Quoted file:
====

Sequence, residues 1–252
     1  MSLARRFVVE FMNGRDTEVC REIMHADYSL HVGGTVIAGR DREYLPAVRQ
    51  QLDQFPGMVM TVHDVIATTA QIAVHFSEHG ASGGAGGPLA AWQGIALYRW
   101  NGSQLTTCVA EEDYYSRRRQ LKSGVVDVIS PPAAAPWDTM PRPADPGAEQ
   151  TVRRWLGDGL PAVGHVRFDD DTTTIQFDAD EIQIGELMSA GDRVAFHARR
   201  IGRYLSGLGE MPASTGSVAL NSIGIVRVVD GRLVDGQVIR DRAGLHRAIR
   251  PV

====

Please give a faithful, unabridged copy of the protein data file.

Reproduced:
Sequence, residues 1–252
     1  MSLARRFVVE FMNGRDTEVC REIMHADYSL HVGGTVIAGR DREYLPAVRQ
    51  QLDQFPGMVM TVHDVIATTA QIAVHFSEHG ASGGAGGPLA AWQGIALYRW
   101  NGSQLTTCVA EEDYYSRRRQ LKSGVVDVIS PPAAAPWDTM PRPADPGAEQ
   151  TVRRWLGDGL PAVGHVRFDD DTTTIQFDAD EIQIGELMSA GDRVAFHARR
   201  IGRYLSGLGE MPASTGSVAL NSIGIVRVVD GRLVDGQVIR DRAGLHRAIR
   251  PV